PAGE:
The main change from regular Codenames that makes Codenames Duet work as well as it does is the clue card, which unlike regular Codenames, is double-sided. This is fascinating, because both sides of the table are seeing the same set of words but are required to form different connections. I’ve said before that Codenames is already endlessly replayable, even with a limited bank of words, just because even if the same words are in the same game, the relationships that the clue card dictates will require a different tack, even if the spymaster is the same. Codenames Duet is the laboratory where this theory is tested, and I think the game supports the hypothesis.
Because of the dual-sided clue cards, Codenames Duet is, if possible, an even more cerebral experience than regular Codenames. The back of the rules show a chart of the overlap between the two sides–each side has nine agents, three assassins, and thirteen innocent bystanders–but there is some overlap. Each side has one assassin in common (which always makes guessing a word that is an assassin on your side tense), three agents in common, and seven bystanders in common. The trick is, you don’t know which is which, but as the round progresses, you can begin to make more intelligent guesses.
Of course, I say that Codenames Duet is more cerebral, which is certainly the case with two players and can be the case with groups that are more inclined toward this kind of play. But Duet can also be more interactive. Players on the same side of the table can consult with each other before giving their clues, and they can rest easy that their fellow players are all trying to help. It also keeps players more engaged in the game. I think most of us who have played Codenames at all know the dread of seeing the over-analyzer taking several minutes before settling on a clue (and usually, it’s still a clue connecting just one or two words). Relying on the analysis prone player for all the clues in a game can be excruciating. But in cooperative Duet, all players on one side of the table can share this duty. My wife, who hates the responsibility of being spymaster, can sit it out, or help someone else on her side craft a good clue. And because all players are both guessing and giving clues, there’s more engagement with the game rather than off-topic small talk in Duet (which could be seen as a plus or minus, depending on the group).
I think cooperative multiplayer Codenames is great in Duet, but there are some things to be aware of. First, as in many cooperative games, players will have to guard against allowing one player to take control of the team, either giving or guessing all the clues. Duet is more open to this sort of thing than the team-based Codenames, which has a clearer delineation of duties. Second, multiplayer Duet can be a bit fragile, as players will want to deduce information from their side of the clue card and discuss this with their teammates, but they’ll need to do so without giving information to the other side–which is tricky. Also, because of the blurred lines between spymaster and guesser, players giving the clues are looser in their talk in Duet than they are in Codenames, which has the strict mandate that spymasters are to be silent and stone-faced. I don’t call any of these negatives, per se: I’d still gladly play Duet with a group of players. But the experience is a little more fragile, and it’s helpful to discuss these behaviors up front.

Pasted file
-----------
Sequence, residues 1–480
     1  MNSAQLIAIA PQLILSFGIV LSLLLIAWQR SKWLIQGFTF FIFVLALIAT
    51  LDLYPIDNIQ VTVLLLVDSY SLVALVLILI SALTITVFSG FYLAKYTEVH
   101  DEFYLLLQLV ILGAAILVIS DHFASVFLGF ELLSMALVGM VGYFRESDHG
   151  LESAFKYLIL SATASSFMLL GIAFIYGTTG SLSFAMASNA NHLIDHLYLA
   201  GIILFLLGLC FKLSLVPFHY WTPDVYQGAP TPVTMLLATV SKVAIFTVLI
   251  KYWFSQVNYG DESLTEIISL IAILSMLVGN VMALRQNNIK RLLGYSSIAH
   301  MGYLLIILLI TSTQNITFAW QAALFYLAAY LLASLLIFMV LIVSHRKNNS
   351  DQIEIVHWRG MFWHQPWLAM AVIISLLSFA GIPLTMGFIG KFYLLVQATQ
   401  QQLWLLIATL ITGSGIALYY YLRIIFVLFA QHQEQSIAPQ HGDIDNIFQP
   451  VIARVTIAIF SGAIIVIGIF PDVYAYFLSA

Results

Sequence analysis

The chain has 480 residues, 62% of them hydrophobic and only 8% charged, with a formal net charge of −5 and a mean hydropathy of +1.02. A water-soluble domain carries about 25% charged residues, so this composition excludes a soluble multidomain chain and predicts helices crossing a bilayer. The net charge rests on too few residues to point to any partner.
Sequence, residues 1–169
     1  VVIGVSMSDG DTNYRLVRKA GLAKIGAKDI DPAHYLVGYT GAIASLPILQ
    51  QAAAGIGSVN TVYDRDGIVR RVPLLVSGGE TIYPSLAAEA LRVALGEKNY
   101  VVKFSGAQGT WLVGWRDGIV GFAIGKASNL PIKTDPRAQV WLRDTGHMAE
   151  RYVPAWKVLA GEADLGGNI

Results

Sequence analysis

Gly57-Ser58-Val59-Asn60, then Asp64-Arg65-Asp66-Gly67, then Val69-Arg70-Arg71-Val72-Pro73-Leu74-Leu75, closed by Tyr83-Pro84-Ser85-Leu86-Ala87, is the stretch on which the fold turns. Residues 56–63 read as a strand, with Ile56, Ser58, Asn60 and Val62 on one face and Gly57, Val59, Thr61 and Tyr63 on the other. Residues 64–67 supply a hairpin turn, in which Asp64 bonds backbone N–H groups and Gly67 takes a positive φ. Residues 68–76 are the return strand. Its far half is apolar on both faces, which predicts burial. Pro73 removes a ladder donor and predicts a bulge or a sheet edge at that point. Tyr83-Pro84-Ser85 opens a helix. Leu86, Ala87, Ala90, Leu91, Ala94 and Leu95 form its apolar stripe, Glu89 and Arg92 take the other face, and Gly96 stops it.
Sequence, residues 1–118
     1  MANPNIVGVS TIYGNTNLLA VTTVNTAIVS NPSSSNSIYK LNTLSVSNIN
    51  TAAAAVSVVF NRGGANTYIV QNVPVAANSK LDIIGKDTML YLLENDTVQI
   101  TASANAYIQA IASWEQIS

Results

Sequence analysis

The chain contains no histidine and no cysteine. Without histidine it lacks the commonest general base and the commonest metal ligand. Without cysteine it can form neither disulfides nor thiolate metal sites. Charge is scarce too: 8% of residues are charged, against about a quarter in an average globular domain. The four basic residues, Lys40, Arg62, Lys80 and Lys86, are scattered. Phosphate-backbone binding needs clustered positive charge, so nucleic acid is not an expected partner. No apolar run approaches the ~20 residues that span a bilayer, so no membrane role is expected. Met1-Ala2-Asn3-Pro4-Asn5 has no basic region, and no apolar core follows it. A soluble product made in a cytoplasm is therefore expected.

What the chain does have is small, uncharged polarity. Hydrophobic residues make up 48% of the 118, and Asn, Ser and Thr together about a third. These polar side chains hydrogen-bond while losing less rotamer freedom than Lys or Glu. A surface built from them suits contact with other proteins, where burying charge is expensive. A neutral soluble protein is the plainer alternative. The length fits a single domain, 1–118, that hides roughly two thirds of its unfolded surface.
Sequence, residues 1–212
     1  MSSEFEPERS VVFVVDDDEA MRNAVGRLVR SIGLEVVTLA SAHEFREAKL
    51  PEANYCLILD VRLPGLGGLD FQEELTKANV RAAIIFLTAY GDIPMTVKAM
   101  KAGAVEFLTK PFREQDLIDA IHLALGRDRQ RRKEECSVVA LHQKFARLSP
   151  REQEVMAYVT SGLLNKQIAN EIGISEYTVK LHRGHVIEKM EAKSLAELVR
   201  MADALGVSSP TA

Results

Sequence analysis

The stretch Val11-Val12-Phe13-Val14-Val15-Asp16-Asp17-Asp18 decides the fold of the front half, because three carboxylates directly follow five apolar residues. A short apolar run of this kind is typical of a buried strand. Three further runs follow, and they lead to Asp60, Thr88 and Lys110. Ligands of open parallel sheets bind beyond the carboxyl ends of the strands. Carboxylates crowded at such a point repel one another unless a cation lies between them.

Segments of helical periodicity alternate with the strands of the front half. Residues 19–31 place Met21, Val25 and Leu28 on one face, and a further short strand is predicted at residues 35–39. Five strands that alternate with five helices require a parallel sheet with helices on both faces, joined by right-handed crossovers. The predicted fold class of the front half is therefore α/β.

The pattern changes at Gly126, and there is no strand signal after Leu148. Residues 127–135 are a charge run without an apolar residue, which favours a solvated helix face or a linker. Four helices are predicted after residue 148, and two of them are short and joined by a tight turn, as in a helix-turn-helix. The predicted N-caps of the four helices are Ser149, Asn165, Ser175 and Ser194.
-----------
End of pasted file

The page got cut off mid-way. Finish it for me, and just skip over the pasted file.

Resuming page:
Okay, so there it is: Codenames Duet is great as a cooperative group game. But it’s phenomenal as a two-player word game…in the right context. Again, the dual-sided clue card is an ingenious twist, the three assassins keep the two players on their toes, and the intimacy of the game makes allowances for long pauses, hopeless gambits, glorious victories, and ignominious defeats. If you and someone else love Codenames, Duet is a no-brainer.
For me, I’ve enjoyed my two-player games of Duet, but my wife has been more mixed on this, for the reason mentioned above: she doesn’t like the pressure of being spymaster. Even when the game involves just the two of us, she doesn’t like feeling locked up when giving a clue, and she doesn’t like the added pressure of the deduction offered by the dual-sided card. I think she would be fine with multiplayer Duet, but two-player Duet would never be her first choice.
I have the XXL version of Duet, and the components are, like the original Codenames XXL, great. I love the large-format cards, the thick punchboard tiles, and the big clue cards. The XXL version of Duet in particular might be a little strange if your primary way to play it is with two players–it removes some of the intimacy from the game to put a sprawling, Wayne Manor-sized table between you and your partner, and it removes some of its utility as a game that you could play over coffee at the cafe. That being said, man, I love the XXL format for Codenames. There’s less leaning, it’s easier to see all the words, and with the multiplayer cooperative Duet, it’s even easy for all the players on both sides to see and read the code card.
Codenames Duet includes 400 new words (200 new double-sided cards), which is worth it for the expansion to Codenames alone. I also appreciate that each of the bystanders in Duet is individually illustrated. When I reviewed Codenames XXL, I landed on keeping both–the XXL version for parties, the regular edition for everyday use. Since then, I’ve passed along the regular-size edition and use the XXL version exclusively. I prefer it that much (and I also found a suitable storage solution for both games: an expansion box for the game Scythe).
All told, Duet is a wonderful addition to the Codenames family. It’s worth getting simply to expand the Codenames game you already love, but it’s also a worthy twist on the formula that works excellently for two players and well enough to see play in multiplayer groups. And the XXL version makes it that much more the centerpiece of your game night. Codenames remains one of the very best party games, and Duet is another proof of the versatility of the system.
iSlaytheDragon would like to thank Czech Games Edition for providing us with a copy of Codenames Duet XXL for review.